MRS. HEIDELBERG. Nay, but niece, consider a little. Don't drag me out in this figur. Let me put on my fly-cap! If any of my Lord's fammaly or the councellors at law should be stirring, I should be perdigus disconcarted.
MISS STERLING. But, my dear madam, a moment is an age in my situation. I am sure my sister has been plotting my disgrace and ruin in that chamber. Oh, she's all craft and wickedness!
MRS. HEIDELBERG. Well, but softly, Betsey! You are all in emotion. Your mind is too much flustrated; you can neither eat nor drink,10 nor take your natural rest. Compose yourself, child; for if we are not as warysome as they are wicked, we shall disgrace ourselves and the whole fammaly.
MISS STERLING. We are disgraced already, madam. Sir John Melvil has forsaken me; my Lord cares for nobody but himself--or, if for anybody, it is my sister; my father, for the sake of a better bargain, would marry me to a 'Change broker; so that if you, madam, don't continue my friend--if you forsake me--if I am to lose my best hopes and consolation--in your tenderness--and af fect--ions--I had better--at once--give up the matter--and let my20sister enjoy--the fruits of her treachery--trample with scorn upon the rights of her eldest sister, the will of the best of aunts, and the weakness of a too interested father. (She pretends to he bursting into tears all this speech.)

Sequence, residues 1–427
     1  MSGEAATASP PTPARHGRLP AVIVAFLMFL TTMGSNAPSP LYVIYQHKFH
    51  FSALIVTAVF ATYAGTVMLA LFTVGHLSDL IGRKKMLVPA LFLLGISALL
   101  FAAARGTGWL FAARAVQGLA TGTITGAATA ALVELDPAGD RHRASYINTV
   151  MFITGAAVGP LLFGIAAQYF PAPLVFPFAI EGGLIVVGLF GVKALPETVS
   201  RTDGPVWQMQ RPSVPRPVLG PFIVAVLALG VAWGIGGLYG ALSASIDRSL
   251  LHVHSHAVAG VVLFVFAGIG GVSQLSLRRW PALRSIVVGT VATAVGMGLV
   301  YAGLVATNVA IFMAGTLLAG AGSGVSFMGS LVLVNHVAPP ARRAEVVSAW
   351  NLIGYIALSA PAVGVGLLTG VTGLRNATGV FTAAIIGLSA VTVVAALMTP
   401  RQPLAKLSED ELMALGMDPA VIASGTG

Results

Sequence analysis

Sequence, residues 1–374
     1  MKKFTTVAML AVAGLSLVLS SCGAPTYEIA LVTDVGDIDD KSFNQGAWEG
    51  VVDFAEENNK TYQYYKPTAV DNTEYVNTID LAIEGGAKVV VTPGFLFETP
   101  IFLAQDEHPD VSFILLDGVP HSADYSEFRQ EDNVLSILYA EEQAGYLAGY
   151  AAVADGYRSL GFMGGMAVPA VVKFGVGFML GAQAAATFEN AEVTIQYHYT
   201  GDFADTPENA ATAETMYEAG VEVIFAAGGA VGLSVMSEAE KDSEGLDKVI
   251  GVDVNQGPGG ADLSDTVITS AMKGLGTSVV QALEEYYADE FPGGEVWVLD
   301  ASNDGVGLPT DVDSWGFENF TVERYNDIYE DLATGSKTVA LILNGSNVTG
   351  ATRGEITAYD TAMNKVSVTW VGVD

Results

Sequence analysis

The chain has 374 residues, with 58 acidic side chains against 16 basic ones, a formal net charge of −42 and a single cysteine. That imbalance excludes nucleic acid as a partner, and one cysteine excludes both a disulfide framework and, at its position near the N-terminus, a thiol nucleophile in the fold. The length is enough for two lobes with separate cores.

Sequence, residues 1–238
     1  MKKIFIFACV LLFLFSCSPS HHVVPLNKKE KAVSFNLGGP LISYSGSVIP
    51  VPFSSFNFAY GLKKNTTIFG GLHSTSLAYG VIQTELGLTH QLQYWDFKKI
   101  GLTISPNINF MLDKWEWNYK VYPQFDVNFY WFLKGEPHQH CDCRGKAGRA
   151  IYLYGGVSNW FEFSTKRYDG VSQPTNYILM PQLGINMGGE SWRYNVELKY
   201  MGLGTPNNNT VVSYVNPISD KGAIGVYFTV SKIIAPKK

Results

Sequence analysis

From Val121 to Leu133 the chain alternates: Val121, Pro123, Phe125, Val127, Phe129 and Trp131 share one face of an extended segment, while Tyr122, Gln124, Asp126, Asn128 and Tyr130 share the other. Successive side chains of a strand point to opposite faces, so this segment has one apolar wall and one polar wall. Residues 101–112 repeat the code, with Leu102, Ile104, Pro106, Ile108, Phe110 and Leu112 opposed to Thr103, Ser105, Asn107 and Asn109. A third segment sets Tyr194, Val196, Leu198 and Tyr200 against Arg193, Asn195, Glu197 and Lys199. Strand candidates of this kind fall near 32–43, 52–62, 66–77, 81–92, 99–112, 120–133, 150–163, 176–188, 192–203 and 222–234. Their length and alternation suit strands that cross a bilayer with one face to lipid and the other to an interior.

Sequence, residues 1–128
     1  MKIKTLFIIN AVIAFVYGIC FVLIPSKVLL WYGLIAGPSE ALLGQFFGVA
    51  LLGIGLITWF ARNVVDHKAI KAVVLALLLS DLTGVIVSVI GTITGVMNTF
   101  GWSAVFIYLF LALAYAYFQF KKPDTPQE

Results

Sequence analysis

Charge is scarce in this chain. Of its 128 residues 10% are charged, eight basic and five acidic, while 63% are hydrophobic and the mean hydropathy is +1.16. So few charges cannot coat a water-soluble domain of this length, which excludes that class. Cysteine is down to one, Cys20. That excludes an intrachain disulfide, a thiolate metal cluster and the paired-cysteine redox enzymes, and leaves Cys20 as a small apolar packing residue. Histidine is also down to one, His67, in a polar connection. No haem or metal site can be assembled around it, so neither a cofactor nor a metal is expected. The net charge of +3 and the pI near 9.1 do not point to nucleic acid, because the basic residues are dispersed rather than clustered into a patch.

MRS. HEIDELBERG. Don't, Betsey--keep up your spurrit. I hate whimpering. I am your friend; depend upon me in every partickler, but be composed and tell me what new mischief you have discovered.
MISS STERLING. I had no desire to sleep and would not undress myself, knowing that my Machiavel sister would not rest till she had broke my heart. I was so uneasy that I could not stay in my room, but30 when I thought that all the house was quiet I sent my maid to discover what was going forward. She immediately came back and told me that they were in high consultation; that she had heard only, for it was in the dark, my sister's maid conduct Sir John Melvil to her mistress and then lock the door.
MRS. HEIDELBERG. And how did you conduct yourself in this dalimma?
MISS STERLING. I returned with her and could hear a man's voice, though nothing that they said distinctly; and you may depend upon it that Sir John is now in that room, that they have settled the matter and will run away together before morning if we don't40 prevent them.
MRS. HEIDELBERG. Why, the brazen slut! Has she got her sister's hus-____________________